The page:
Unmasking Administrative Evil

Unmasking Administrative Evil

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The modern age with its emphasis on technical rationality has enabled a new and dangerous form of evil--administrative evil. Unmasking Administrative Evil discusses the overlooked relationship between evil and public affairs, as well as other fields and professions in public life. The authors argue that the tendency toward administrative evil, as manifested in acts of dehumanization and genocide, is deeply woven into the identity of public affairs. The common characteristic of administrative evil is that ordinary people within their normal professional and administrative roles can engage in acts of evil without being aware that they are doing anything wrong. Under conditions of moral inversion, people may even view their evil activity as good. In the face of what is now a clear and present danger in the United States, this book seeks to lay the groundwork for a more ethical and democratic public life; one that recognizes its potential for evil, and thereby creates greater possibilities for avoiding the hidden pathways that lead to state-sponsored dehumanization and destruction. What's new in the Fourth Edition of Unmasking Administrative Evil:

UAE is updated and revised with new scholarship on administrative ethics, evil, and contemporary politics.
The authors include new cases on the dangers of market-based governance, contracting out, and deregulation.
There is an enhanced focus on the potential for administrative evil in the private sector.
The authors have written a new Afterword on administrative approaches to the aftermath of evil, with the potential for expiation, healing, and reparations.
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Product details

  • Paperback | 248 pages
  • 152 x 229 x 15.24mm | 340g
  • London, United Kingdom
  • English
  • New edition
  • 4th New edition
  • 0765642913
  • 9780765642912
  • 1,255,459

Table of contents

Acknowledgments Introduction and Overview 1. The Dynamics of Evil and Administrative Evil 2. Compliance, Technical Rationality, and Administrative Evil 3. Administrative Evil Unmasked: The Holocaust and Public Service 4. Administrative Evil Masked: From Mittelbau-Dora and Peenemunde to the Marshall Space Flight Center 5. Organizational Dynamics and Administrative Evil: The Marshall Space Flight Center, NASA, and the Space Shuttles Challenger and Columbia 6. Public Policy and Administrative Evil 7. Administrative Evil in the Twenty-First Century: Abu Ghraib, Moral Inversion, and Torture Policy 8. Administrative Evil and Public Ethics in Praetorian Times 9. Afterword: Expiating Evil and Administrative Evil Appendix A. Foreword to the Third Edition, Philip G. Zimbardo Appendix B. Foreword to the Second Edition, Charles B. Perrow Appendix C. Foreword to the First Edition, Curtis Ventriss References Index About the Authors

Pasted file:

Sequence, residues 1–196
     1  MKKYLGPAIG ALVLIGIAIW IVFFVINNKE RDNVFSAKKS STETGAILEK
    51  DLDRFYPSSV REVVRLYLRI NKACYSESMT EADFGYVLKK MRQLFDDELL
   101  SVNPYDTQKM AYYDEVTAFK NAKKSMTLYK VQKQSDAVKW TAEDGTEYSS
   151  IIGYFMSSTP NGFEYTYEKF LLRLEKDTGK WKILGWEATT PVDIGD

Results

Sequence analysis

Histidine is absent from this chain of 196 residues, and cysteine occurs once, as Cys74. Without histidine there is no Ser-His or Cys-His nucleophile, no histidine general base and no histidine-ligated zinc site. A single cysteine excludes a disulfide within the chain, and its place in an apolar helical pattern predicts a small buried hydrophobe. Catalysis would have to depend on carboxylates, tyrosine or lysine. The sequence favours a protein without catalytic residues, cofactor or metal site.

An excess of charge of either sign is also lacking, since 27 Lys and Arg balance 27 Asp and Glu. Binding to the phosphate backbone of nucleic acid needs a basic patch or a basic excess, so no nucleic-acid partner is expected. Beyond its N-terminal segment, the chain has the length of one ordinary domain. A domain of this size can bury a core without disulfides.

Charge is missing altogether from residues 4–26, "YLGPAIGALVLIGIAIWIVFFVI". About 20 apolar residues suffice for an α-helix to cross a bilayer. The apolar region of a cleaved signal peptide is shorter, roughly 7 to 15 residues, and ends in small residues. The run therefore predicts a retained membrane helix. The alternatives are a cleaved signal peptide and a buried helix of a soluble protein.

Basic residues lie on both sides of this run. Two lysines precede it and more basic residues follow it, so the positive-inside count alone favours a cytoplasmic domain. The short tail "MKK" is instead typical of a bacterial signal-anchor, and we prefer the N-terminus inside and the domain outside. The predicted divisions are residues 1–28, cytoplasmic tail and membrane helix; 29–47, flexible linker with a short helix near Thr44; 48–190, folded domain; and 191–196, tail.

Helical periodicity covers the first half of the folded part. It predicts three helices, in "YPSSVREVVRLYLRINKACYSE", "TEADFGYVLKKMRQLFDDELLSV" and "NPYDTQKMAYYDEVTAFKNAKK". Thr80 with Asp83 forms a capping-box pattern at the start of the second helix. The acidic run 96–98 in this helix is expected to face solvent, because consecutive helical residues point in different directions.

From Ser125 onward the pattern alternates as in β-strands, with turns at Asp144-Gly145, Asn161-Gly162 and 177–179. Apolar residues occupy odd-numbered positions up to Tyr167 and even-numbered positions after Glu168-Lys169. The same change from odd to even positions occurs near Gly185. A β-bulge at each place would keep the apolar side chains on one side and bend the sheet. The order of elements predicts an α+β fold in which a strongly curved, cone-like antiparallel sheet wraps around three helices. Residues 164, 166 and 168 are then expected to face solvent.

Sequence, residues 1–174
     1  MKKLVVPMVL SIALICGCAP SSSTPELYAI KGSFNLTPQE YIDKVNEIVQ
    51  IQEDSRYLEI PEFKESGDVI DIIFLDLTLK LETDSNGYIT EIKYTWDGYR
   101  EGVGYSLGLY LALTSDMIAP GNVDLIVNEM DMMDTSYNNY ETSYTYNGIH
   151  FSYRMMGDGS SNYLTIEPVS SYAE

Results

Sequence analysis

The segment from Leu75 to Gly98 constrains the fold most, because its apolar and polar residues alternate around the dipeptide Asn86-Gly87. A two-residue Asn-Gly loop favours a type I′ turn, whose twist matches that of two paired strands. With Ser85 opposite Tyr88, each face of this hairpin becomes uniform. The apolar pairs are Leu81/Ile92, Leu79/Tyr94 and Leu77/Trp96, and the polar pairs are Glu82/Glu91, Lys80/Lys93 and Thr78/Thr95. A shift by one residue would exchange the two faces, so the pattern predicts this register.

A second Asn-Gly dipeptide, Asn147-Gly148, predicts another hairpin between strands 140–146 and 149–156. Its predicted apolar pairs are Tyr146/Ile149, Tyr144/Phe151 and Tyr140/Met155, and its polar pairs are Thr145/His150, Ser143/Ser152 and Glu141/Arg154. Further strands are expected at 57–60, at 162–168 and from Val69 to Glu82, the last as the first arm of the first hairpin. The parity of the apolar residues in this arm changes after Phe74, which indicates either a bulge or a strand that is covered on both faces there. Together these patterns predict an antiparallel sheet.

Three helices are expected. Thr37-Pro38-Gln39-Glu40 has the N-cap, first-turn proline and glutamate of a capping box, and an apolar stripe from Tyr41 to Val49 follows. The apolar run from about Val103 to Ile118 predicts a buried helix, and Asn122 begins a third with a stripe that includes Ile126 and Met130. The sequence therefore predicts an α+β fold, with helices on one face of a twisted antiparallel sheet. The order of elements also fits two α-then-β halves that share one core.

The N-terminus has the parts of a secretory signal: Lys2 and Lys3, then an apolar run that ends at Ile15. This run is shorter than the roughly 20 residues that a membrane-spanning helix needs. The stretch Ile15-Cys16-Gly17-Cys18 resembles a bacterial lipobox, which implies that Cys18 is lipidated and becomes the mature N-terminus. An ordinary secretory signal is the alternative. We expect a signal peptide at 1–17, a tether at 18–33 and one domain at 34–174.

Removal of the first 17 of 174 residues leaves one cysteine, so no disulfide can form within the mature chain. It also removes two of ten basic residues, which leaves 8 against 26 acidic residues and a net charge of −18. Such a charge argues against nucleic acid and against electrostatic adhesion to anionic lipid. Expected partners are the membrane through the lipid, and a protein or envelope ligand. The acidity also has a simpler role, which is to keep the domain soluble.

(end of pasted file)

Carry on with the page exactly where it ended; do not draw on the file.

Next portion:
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Review quote

"Broad ranging in its scholarship, this book offers insights about how to think organizationally as well as individually about ethics and the ever-present possibility of evil manifesting itself in public life. Guy Adams and Danny Balfour throw new light on numerous examples of administrative evil, from the administration of the Holocaust in Nazi Germany to the post-war U.S. space program and the development of a bureaucratic culture that contributed to the Challenger explosion." -- Bruce Jennings, Director of Bioethics, Center for Humans & Nature

"This is not a safe nor a comfortable book, but it is a difficult one to ignore or neglect. The authors provide nothing less than moral and intellectual coherence for a series of powerful, but disparate, critiques of the field of public administration. They accomplish this feat with vivid writing and great economy, while also leading the reader to grapple with a credible alternative approach to today's dominant models of how government does and should work." -- William M. Sullivan, Wabash College

"Unmasking Administrative Evil is a troubling book, but a very important one that is essential reading. Using the Holocaust as "the signal event in human history that unmasks the reality of administrative evil," the authors illuminate the very real problem of how contemporary administrative arrangements can and do mask evil. Guy Adams and Danny Balfour are to be congratulated for this pathbreaking, fascinating, highly readable, and convincing study. We will all be much better off if the public administration community takes it to heart." -- David H. Rosenbloom, American University

"Adams and Balfour have proved a well-crafted study on the 'other side' of administrative ethics. Scholars have been so preoccupied with trying to understand what 'good' we are trying to motivate that we have often forgotten what evil we are trying to prevent. Looking at the underside of ethics, the authors provide us with a far richer and more meaningful understanding of why the study of public administration ethics is so important." -- Stuart C. Gilman, Global Integrity Group
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About Danny L. Balfour

Guy B. Adams is Professor Emeritus in the Harry S. Truman School of Public Affairs at the University of Missouri, USA.

Danny L. Balfour is Professor in the School of Public and Nonprofit Administration and a faculty fellow of the Honors College at Grand Valley State University, USA.
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Rating details

77 ratings
3.99 out of 5 stars
5 26% (20)
4 51% (39)
3 19% (15)
2 4% (3)
1 0% (0)
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